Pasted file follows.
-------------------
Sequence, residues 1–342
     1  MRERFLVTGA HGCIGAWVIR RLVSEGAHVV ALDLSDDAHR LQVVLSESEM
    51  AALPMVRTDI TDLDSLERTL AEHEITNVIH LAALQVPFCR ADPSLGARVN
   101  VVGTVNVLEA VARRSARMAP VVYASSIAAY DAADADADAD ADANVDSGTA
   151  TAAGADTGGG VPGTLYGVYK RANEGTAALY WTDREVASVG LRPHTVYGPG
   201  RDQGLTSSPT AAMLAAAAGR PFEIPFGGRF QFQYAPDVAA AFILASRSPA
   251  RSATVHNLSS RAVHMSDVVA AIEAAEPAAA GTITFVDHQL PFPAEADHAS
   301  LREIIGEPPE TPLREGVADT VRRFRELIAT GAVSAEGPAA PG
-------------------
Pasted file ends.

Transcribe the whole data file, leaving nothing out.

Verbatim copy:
Sequence, residues 1–342
     1  MRERFLVTGA HGCIGAWVIR RLVSEGAHVV ALDLSDDAHR LQVVLSESEM
    51  AALPMVRTDI TDLDSLERTL AEHEITNVIH LAALQVPFCR ADPSLGARVN
   101  VVGTVNVLEA VARRSARMAP VVYASSIAAY DAADADADAD ADANVDSGTA
   151  TAAGADTGGG VPGTLYGVYK RANEGTAALY WTDREVASVG LRPHTVYGPG
   201  RDQGLTSSPT AAMLAAAAGR PFEIPFGGRF QFQYAPDVAA AFILASRSPA
   251  RSATVHNLSS RAVHMSDVVA AIEAAEPAAA GTITFVDHQL PFPAEADHAS
   301  LREIIGEPPE TPLREGVADT VRRFRELIAT GAVSAEGPAA PG